Yes. If they have their own particular application that they would want to write, or if they would want to use one of our applications as a template for customizing their own, then they can do that. They could access our algorithms that we have online as is. They just have to reach out to us.
I saw that it mentions that you have the purpose-built ones and then algorithmic libraries. How intuitive is that, and how extensive is that? Are there a lot, or is it really robust —anything someone can think of right now, where they look and say, “Here’s an example,” or is it just like a handful? I was curious, because I think you have visibility to that.
Yes. We have quite a few things online — we have portfolio optimization. You can access quantum gate-based algorithms, quantum annealing algorithms, CPU and GPU algorithms. We have visualization, data acquisition and preprocessing. If you are familiar with finance and that’s something you work in, but you’re not familiar with quantum computing but you would like to use a quantum device, then you could through us. If you are familiar with quantum computing, then that’s fine, too — you would be able to interact a little bit more if you wanted with the quantum device, but if you don’t want to interact with it at all, that’s OK. You wouldn’t have to with our applications.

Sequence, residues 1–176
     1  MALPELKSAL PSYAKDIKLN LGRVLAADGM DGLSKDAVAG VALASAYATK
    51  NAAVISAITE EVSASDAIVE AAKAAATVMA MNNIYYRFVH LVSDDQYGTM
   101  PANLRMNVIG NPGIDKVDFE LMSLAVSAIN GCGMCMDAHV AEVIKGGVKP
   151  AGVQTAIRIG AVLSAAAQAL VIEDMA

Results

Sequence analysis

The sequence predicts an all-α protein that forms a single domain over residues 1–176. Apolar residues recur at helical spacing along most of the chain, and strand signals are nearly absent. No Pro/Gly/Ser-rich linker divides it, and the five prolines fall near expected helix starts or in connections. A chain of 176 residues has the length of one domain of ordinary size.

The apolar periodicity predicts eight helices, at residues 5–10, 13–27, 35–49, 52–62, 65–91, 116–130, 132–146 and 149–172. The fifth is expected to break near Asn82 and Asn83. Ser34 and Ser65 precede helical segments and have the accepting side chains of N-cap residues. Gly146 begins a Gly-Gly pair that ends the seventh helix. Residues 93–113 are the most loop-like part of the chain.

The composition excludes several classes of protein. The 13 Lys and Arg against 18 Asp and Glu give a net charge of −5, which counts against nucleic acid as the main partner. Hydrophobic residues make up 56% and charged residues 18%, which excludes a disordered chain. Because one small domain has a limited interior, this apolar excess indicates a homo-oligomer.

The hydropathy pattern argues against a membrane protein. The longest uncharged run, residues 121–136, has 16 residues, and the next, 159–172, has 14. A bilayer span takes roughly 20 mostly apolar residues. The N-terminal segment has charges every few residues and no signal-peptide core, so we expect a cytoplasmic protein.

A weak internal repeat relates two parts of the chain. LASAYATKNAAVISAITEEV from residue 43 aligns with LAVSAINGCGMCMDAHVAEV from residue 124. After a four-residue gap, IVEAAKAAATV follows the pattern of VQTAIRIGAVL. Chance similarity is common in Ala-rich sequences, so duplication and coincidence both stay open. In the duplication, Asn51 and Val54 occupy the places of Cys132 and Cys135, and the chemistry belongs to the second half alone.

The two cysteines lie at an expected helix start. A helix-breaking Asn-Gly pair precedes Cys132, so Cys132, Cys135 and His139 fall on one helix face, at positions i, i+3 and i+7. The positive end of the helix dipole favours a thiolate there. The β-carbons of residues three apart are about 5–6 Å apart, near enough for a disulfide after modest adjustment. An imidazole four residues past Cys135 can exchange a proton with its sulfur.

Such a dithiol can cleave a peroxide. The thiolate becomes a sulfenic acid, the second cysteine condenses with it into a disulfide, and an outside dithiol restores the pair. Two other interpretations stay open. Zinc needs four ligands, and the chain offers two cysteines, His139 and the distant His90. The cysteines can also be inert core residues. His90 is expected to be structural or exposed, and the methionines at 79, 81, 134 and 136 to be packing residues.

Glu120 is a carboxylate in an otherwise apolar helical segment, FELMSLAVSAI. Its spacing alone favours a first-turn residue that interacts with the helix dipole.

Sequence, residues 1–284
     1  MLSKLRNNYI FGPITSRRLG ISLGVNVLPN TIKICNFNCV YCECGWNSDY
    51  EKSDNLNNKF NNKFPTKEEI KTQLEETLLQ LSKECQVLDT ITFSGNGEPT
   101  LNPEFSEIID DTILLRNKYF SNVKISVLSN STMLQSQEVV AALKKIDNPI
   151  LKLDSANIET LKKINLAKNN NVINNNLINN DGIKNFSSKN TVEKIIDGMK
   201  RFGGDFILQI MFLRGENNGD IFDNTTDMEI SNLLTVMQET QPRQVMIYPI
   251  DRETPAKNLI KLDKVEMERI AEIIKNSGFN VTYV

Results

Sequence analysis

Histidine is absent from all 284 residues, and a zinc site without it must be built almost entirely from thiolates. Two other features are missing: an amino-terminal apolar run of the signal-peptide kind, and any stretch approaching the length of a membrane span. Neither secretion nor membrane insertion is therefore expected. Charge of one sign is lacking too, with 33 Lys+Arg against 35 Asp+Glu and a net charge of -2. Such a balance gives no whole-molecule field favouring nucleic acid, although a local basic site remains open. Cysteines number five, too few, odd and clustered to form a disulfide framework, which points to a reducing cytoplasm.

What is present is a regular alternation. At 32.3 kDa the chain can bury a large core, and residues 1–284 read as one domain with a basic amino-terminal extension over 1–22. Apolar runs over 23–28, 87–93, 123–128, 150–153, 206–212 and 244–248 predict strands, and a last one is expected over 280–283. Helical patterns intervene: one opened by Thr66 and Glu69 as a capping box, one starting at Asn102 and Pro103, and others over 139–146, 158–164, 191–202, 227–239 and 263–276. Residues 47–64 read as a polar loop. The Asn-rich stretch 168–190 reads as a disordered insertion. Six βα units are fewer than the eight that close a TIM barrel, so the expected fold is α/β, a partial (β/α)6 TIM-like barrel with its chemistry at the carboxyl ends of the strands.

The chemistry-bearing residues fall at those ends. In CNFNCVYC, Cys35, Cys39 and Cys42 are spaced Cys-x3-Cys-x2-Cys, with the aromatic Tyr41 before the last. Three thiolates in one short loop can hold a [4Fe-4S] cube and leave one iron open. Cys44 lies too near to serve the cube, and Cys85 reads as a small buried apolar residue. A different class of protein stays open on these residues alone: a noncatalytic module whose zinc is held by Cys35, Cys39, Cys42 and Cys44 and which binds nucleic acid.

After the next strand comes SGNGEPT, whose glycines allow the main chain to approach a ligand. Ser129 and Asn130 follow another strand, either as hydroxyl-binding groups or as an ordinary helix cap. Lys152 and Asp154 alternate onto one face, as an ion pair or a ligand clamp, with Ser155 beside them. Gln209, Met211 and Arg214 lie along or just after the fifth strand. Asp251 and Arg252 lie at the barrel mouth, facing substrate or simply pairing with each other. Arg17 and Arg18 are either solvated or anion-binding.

If you do want to get hands-on, is it a complete development environment — similar to, let’s say, Composer if you went to Qiskit, or what’s the interface for someone who does want to get down into the weeds?
It would be a Python library, so you need to have familiarity with Python, and so you could write your own application and the Python script, or you could use one of ours.
So, it’s a library. I wasn’t sure. A lot of customers have sensitive workloads that they still don’t entrust to the cloud. That’s in a pure classical realm, and this is always amazing to me: I’ll talk to a financial customer, and they’re like, “Yes, these we just do in-house — these runs, these end-of-day kind of jobs and things,” and that’s strange. I can’t imagine having everything in-house now. They’re concerned with moving quantum to the cloud, too, and obviously, that’s how we access these machines, because that’s where they are.
I saw that your company does obfuscation. Can you talk a little bit about that protocol and how you accomplish that?